At this yearís Parkfield festival I talked with a couple who spoke glowingly of New Found Road, a relatively new group that I have not seen, and heard very little of. They appeared last night, and exceeded all expectations, with an outstanding lead singer.

The other two groups are ones I have seen, The Gibson Brothers and Michael Cleveland. The Gibsons are from upstate New YorkĖ extreme upstate, within a few miles of Canada. Theyíve been performing since they were kids, but only started getting major notice in the last few years. I saw them at Parker, but from a long distance in a crowded and noisy setting. Here I have already had two opportunities for a much better experience. All festivals have workshops conducted by some of the musicians, but I almost never attend since I am not going to learn the mandolin nor get better on the guitar. However, the brothers were doing a vocal workshop, and while I donít think I will become a better singer unless I find a way to make time go backwards, I thought it could be interesting. It turned out to be a very intimate setting with a dozen or so fans sitting six feet from Eric and Leigh and essentially chatting about music. They sang about four songs, and it was great to hear them harmonize with just their guitars, no amplification and no other instruments. Their stage show later in the evening was also everything I expected.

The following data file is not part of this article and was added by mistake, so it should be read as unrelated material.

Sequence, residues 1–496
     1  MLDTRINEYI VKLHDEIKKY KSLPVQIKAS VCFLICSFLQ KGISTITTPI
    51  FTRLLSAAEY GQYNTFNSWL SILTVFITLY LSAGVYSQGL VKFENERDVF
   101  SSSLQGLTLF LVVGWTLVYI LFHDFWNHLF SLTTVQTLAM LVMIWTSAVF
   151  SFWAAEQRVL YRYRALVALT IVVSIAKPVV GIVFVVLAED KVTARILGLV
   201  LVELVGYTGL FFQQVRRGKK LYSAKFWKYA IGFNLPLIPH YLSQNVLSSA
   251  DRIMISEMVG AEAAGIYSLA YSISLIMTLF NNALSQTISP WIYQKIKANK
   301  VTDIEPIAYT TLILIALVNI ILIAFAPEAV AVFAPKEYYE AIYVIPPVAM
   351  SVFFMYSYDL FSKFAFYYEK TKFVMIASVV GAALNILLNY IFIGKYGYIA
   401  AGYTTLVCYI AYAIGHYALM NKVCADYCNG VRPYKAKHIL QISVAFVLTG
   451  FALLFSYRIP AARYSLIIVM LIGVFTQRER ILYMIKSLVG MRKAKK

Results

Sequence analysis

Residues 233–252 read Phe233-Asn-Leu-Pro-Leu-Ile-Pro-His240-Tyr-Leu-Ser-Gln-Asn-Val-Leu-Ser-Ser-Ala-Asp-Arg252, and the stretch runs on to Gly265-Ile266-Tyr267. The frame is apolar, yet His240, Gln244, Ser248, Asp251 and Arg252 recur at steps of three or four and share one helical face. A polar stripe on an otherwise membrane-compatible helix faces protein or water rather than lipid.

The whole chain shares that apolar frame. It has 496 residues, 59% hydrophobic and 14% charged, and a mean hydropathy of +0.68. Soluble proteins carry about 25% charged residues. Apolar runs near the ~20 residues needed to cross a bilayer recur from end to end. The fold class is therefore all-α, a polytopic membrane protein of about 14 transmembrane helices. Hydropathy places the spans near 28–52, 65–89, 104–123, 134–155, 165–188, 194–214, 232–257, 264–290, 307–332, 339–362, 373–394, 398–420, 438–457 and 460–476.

Michael Cleveland played fiddle with Rhonda Vincent and a couple of other groups before forming his own band, Flamekeeper, which I saw in Bakersfield two or three years ago. Michael is the five-time IBMA fiddle player of the year, and nominated for a sixth award, and earns every one of them. His band is also top quality, with two excellent lead singers.

As to the rest, the only other nationally known group yesterday was Carrie Hassler and Hard Rain, a group thatís just released their second CD after two years together. The band was good and she has a powerful voice, but I thought the backup musicians played too much and too loud during the vocals.